The second characteristic is Longevity—every day, we see the time scale of our world getting shorter and shorter. We live in a culture of ever-decreasing attention spans. News and information comes to us in sound bites, 240-character Twitter rants and Snap Chat posts. We have come to expect immediate response and reward in so many aspects of our lives. Even our politics are short term—New Hampshire and Vermont are the only two states with a Governor who is elected for a two-year term. By contrast, tonight’s honorees take the long view. Each has an extended history in our community. One of my favorite books is Staying Put by Scott Russell Sanders. In it, he describes the joys and benefits of staying close to home—wherever that is. These honorees have chosen to stay in their place, serving as anchors in the collective life of the Upper Valley. They embody the idea of durability and consistency that extends beyond the span of an individual lifetime.

The third characteristic is Stewardship—the people we honor tonight are deeply committed to the health and vitality of our region. As the anchoring strands in the intricate web of our vital communities, they are people who think not primarily of themselves, but of the greater good, of broader societal and community benefit, of the commonweal—not a term we hear so often in our current national dialogue. What they do has larger meaning than simply running a store, serving an individual client or providing a service. While they may not even realize it, they are important stewards of this place we all call home.

I think we can all agree that the web of economy and community in the Upper Valley is pretty strong and resilient. The Heroes & Leaders honored tonight are emblematic of that strength and resiliency, and they are some of the strongest strands holding that web together and thus maintaining our sense of place. But that strong web will only remain so if we all remain connected to it, as well. If one or two strands are removed or broken, the web may remain, but it’s not nearly as strong and durable. Thus, we all need to engage with, build, and maintain that web in regular and meaningful ways.

That engagement can manifest in several actions.

#1. Buying stuff on Main Street. According to author and researcher Michael Shuman, every dollar we spend locally results in two to three dollars of additional economic activity in our area. That includes jobs for our neighbors, local tax revenue, vibrant downtowns, more shopping choices, and on and on. I know we all love our Amazon Prime account—and, true confession, we’ve got one too. But I think we—and our entire Upper Valley web—are much better off if we buy local first—at Canaan Hardware, the Co-op, Dan & Whit’s, or at LaValley’s or Farmway. The few pennies or dollars we might have saved buying online are just not worth the cost of weakening our local economic and community web.

#2. Banking with a community bank or credit union based here in the Upper Valley. That ‘bank on the corner’ is likely the one lending to our neighbor who is expanding a local business, or to Twin Pines Housing to develop affordable apartments near an Advance Transit bus line, or to a young family purchasing their first home. Our money, deposited in a local financial institution, provides the capital that makes this kind of community investing possible.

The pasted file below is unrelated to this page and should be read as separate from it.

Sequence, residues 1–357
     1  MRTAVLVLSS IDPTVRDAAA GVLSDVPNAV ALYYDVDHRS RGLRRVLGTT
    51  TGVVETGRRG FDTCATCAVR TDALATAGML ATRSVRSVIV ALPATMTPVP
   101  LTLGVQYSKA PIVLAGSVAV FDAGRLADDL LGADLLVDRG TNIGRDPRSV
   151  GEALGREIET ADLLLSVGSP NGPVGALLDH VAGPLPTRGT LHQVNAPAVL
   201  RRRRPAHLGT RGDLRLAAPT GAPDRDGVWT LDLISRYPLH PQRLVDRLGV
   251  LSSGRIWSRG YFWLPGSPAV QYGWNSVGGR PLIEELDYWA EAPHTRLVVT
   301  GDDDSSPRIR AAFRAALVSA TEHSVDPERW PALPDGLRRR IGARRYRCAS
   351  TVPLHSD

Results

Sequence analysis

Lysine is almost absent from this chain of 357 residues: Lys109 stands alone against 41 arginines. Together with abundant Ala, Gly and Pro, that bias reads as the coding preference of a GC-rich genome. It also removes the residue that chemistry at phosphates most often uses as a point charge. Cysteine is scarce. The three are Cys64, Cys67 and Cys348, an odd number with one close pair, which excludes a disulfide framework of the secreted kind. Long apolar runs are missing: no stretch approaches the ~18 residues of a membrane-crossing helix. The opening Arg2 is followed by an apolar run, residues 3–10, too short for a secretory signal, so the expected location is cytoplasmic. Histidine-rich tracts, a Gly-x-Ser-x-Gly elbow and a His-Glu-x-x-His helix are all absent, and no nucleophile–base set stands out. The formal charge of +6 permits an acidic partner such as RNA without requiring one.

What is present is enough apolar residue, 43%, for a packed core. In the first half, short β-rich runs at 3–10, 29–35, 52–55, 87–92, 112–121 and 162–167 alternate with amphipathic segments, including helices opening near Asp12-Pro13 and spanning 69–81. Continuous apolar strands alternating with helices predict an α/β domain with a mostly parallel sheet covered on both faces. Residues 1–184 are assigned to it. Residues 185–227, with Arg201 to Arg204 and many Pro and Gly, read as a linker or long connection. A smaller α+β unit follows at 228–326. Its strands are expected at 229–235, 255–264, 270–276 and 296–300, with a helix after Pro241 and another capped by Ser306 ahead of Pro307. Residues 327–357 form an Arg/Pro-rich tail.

#3. Getting involved in community. The institutions honored tonight, all of our towns, and the many, many nonprofit and community organizations working in our region are always in need of people: to serve on a board, to participate on a committee, to help with a project, to provide financial support. Their health and vitality depends on strong and enduring civic and community engagement, which begins with all of us. Tonight’s honorees offer plenty of these types of opportunities, and the Valley News publishes a monthly listing of volunteer jobs, so there is no shortage of good choices for getting involved.

All of these relatively small and seemingly inconsequential actions, taken together, help to strengthen our web of community and economy, and our sense of place.

In 1999, Tom Slayton, who at the time was editor of Vermont Life magazine, gave the keynote address to the annual meeting of the Upper Valley Community Foundation—in this very room. I’ll close with a quote from that presentation:

“A sense of place is created by a thousand-and-one specific things—an accretion that, over time, creates human interconnections, myths and stories, folklore and—a place. But just as place is created by specifics, it can be lost by specifics. Hayfields and historic buildings, downtowns and mountain tops, swimming holes and the cool, ferny depths of the forests that line the hillsides—all these specific things are important, as are the lives of all the people who live here, their memories of the place, and the stories they tell. If one important museum has to close, if one vital village center becomes run-down and deserted, if one old man or woman with a good story never gets to tell that story to a listening younger ear—then in every case, a region’s sense of place is weakened. By the same token, every single local artist who can afford to keep working, every stretch of the Connecticut River that is cleaned up and re-opened to fishing, every traditional bridge that is maintained and kept open, every town that stays vital—all of those things strengthen a region’s sense of place. Ultimately, a strong sense of community results in a strong sense of place.”

Thank you to Vital Communities for hosting this wonderful event, and congratulations again to this year’s Heroes & Leaders.